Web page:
The median age of the study sample was 45.8 years (interquartile range, 20.5–71.1 years); 54.1% were men (95% confidence interval [CI], 53.6–54.6%). Indigenous Australians constituted 9.9% (95% CI, 9.6–10.2%) of the sample, but only 5.6% of the HNELHD population.9

The median age of people infected with MRSA was significantly lower than for those infected with MSSA (35.8 v 47.8 years; P < 0.001); on the other hand, the proportion of MRSA isolates among those from residents of aged care facilities was higher than for the general population (36.8% v 18.6%). The proportion of MRSA isolates was also higher among Indigenous than non-Indigenous Australians (36.4% v 17.5%) (Box 2).

MRSA infections: patient characteristics

CA-MRSA accounted for 4850 of 8519 first positive MRSA isolates (56.9%; 95% CI, 55.9–58.0%). The age distribution of patients with CA-MRSA isolates differed markedly from those for HO- and health care-associated community origin (HACO) MRSA infections, with CA-MRSA predominating in those under 60 years of age (Box 3). The median age of people with CA-MRSA was significantly lower than for those with health care-associated (HCA) MRSA (ie, HO- and HACO-MRSA combined: 26.1 v 65.2 years; P < 0.001). The proportion of S. aureus isolates that were CA-MRSA was higher among Indigenous Australians (1064 of 1518, 70.1%) than non-Indigenous Australians (3737 of 6938, 53.7%; P < 0.001), as well as among people from rural areas (RA2–5: 3222 of 5542, 58.1%) compared with those from metropolitan areas (RA1: 1580 of 2912, 54.3%; P = 0.001).

MRSA infections: antimicrobial susceptibility

Antimicrobial susceptibility test results are summarised in Box 4. The differences in susceptibility between CA- and HCA-MRSA isolates were highly significant for all agents. Different panels of antimicrobial agents were employed for susceptibility testing at the two main laboratory sites. Testing uniformity improved over time, with the proportion of specimens tested for five or more non-β-lactam antimicrobial agents increasing from 67.7% (929 of 1372) in 2009 to 93.3% (898 of 963) in 2014 (P < 0.001). Data for gentamicin susceptibility were missing more frequently than for other agents (Box 4), but most such isolates were susceptible to all other non-β-lactam antimicrobial agents (1108 of 1489, 74.4%; 95% CI, 72.1–76.6%). Other non-multi-resistant phenotypes accounted for more than 50% of both CA- and HCA-MRSA first positive specimens (Box 5). The differences between CA- and HCA-MRSA isolates with regard to antibiogram phenotypes were highly significant for all phenotypes.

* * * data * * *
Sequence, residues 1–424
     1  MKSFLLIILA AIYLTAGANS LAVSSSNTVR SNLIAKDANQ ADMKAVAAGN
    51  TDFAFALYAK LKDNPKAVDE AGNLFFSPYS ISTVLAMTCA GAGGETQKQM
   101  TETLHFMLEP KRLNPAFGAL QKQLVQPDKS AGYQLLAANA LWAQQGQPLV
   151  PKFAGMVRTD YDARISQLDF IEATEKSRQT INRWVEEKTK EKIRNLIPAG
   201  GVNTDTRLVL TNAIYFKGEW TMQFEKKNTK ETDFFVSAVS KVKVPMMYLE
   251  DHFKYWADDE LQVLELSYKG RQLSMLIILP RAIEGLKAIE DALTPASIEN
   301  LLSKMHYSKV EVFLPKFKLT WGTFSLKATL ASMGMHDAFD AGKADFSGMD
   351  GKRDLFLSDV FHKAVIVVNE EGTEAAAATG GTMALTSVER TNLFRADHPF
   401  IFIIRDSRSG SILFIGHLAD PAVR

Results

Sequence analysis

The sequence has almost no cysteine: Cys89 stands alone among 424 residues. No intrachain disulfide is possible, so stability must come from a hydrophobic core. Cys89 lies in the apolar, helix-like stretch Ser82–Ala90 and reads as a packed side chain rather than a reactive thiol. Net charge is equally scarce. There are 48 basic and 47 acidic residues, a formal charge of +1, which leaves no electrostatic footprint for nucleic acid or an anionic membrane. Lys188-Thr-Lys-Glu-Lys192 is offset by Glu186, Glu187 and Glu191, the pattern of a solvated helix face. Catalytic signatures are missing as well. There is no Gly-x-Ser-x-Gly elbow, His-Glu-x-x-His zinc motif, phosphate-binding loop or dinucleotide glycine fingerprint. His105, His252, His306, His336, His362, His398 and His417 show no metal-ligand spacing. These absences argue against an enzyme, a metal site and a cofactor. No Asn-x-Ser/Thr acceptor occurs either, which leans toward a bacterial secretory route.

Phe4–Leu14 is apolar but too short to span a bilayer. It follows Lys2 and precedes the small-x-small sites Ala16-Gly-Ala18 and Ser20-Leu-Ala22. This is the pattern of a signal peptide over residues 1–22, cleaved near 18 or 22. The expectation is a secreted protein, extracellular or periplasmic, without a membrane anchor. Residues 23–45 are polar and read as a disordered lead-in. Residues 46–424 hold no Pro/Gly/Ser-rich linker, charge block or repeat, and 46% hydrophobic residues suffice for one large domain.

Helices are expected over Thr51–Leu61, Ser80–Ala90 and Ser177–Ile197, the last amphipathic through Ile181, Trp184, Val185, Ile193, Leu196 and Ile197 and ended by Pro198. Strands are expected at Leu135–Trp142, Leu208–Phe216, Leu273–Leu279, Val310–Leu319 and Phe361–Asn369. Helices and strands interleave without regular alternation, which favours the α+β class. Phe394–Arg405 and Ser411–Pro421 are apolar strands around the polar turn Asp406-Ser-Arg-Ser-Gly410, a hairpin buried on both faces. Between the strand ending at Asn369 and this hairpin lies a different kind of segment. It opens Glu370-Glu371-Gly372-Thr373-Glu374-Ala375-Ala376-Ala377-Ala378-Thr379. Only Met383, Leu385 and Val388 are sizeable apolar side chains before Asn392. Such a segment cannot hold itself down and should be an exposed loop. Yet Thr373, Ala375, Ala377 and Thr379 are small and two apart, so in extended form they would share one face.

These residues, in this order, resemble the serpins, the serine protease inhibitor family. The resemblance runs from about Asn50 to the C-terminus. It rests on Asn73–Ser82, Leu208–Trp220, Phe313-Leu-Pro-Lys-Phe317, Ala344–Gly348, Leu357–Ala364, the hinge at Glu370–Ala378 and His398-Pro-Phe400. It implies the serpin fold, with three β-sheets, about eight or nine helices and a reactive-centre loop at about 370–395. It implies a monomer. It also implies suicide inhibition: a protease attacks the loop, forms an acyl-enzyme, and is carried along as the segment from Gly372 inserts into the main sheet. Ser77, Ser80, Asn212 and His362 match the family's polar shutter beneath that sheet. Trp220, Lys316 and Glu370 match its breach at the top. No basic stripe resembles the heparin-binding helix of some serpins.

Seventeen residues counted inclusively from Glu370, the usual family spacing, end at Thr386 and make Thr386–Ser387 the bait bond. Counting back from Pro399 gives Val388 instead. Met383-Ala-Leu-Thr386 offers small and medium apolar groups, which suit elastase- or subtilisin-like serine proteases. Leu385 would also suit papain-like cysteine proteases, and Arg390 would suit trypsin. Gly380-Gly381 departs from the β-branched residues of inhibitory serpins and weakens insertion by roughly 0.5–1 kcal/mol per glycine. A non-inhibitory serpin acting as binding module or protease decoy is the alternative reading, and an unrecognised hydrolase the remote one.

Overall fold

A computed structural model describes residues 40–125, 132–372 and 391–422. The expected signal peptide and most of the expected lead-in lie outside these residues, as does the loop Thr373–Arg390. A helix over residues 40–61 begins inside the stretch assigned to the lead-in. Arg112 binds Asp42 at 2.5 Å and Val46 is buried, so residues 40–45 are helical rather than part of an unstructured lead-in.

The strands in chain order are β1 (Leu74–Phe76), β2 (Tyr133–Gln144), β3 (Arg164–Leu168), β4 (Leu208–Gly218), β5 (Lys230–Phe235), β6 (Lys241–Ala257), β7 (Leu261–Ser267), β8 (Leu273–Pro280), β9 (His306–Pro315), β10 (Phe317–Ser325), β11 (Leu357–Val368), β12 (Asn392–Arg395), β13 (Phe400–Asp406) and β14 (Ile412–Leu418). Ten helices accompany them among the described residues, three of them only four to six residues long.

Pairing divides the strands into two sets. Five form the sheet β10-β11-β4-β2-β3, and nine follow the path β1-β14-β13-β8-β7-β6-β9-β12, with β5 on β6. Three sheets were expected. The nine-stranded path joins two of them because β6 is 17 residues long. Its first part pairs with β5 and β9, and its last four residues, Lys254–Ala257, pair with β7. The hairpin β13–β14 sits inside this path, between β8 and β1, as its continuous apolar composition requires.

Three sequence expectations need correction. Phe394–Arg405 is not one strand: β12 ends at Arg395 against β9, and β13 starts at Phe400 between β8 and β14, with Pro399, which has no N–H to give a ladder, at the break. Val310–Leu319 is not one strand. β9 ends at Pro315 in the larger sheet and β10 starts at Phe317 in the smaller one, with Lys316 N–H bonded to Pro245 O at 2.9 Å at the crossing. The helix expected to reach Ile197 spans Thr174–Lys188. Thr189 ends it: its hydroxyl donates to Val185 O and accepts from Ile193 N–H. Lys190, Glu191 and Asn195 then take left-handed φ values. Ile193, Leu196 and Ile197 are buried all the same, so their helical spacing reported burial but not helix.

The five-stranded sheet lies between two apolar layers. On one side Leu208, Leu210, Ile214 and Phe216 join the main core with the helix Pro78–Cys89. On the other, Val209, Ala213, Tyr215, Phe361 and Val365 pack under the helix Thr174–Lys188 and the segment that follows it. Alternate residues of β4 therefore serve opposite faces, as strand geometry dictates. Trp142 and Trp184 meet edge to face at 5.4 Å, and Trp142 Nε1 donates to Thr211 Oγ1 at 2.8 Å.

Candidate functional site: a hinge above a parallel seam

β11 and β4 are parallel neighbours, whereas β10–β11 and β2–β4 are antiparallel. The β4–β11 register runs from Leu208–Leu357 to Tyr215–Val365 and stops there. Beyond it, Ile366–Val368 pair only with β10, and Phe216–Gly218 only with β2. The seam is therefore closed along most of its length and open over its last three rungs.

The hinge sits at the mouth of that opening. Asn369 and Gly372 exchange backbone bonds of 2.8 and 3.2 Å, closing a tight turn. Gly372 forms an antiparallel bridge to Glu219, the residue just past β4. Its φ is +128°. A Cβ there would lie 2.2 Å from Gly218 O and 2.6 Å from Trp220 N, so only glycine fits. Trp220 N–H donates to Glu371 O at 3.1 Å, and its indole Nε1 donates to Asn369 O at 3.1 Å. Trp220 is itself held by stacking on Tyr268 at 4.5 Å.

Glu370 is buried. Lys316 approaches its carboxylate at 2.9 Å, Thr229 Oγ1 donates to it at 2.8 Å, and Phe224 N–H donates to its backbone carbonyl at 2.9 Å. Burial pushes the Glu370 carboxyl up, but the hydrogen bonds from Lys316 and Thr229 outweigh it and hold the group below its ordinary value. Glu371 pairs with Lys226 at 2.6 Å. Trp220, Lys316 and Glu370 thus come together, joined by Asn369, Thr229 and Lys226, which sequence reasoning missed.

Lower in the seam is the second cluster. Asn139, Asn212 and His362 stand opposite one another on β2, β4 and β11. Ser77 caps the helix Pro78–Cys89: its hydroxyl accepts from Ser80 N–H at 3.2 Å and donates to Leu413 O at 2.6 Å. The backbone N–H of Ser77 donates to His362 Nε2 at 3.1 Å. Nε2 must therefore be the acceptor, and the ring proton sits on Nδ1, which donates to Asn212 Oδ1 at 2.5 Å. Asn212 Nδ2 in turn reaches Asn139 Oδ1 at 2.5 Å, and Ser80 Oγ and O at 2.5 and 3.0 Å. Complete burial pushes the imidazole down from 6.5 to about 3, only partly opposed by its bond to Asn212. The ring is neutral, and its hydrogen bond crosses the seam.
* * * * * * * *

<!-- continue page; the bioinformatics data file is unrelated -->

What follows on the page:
Among residents of aged care facilities, the frequency of EMRSA-15-like CA-MRSA isolates was markedly higher than for the general population (80 of 184, 44% v 260 of 461, 85.6%; P < 0.001). The highest proportion of other non-multi-resistant CA-MRSA isolates was in residents of major cities (1368 of 1580, 86.6% for RA1 v 2482 of 3222, 77.0% for RA2–5; P < 0.001).

Demographic factors of patients with community-associated MRSA infections

First positive S. aureus isolates were obtained from 23 220 patients who had not been hospitalised or received dialysis in HNELHD facilities during the previous 12 months (59.2% of all patients), of which 4593 (19.8%; 95% CI 19.3–20.3%) provided CA-MRSA isolates. There was significant seasonal variation in CA-MRSA infections, with higher proportions during summer and autumn. Multivariate analysis indicated that being younger age (under 40), Indigenous, or a resident in an aged care facility were each independently associated with an S. aureus isolate being MRSA (Box 6).

Stratified analysis found no significant association of age and CA-MRSA among residents of aged care facilities (data not shown).

Temporal trends in MRSA infections

The number of first positive MRSA isolates decreased across the study period (Box 7), and the proportion of MRSA isolates declined significantly, from 22.8% (1372 of 6012) in 2009 to 17.8% (963 of 5401) in 2014 (P < 0.001). This was largely explained by the decrease in the numbers of both CA and HCA AUS-2/3-like MRSA isolates, from 397 of 1342 (29.6%) to 33 of 963 (3.4%; P < 0.001) across the study period. Among Indigenous people, the proportion of specimens that were AUS-2/3-like decreased from 40.4% (108 of 267) to 0 (0 of 167) (P < 0.001).

Hospital-onset MRSA infections

Five of six regional hospitals reported HO-MRSA rates at the end of the study period of two to three positive isolates per 10 000 bed-days. Three facilities reported declines across the study period. Linear regression identified significant rate reductions at two sites, the John Hunter Hospital (coefficient, –0.3 [95% CI, –0.5 to –0.1] isolates per 10 000 bed-days per year; R2 = 0.831; P = 0.007) and Tamworth Hospital (coefficient, –0.9 [95% CI, –1.6 to –0.3] isolates per 10 000 bed-days per year; R2 = 0.805; P = 0.02).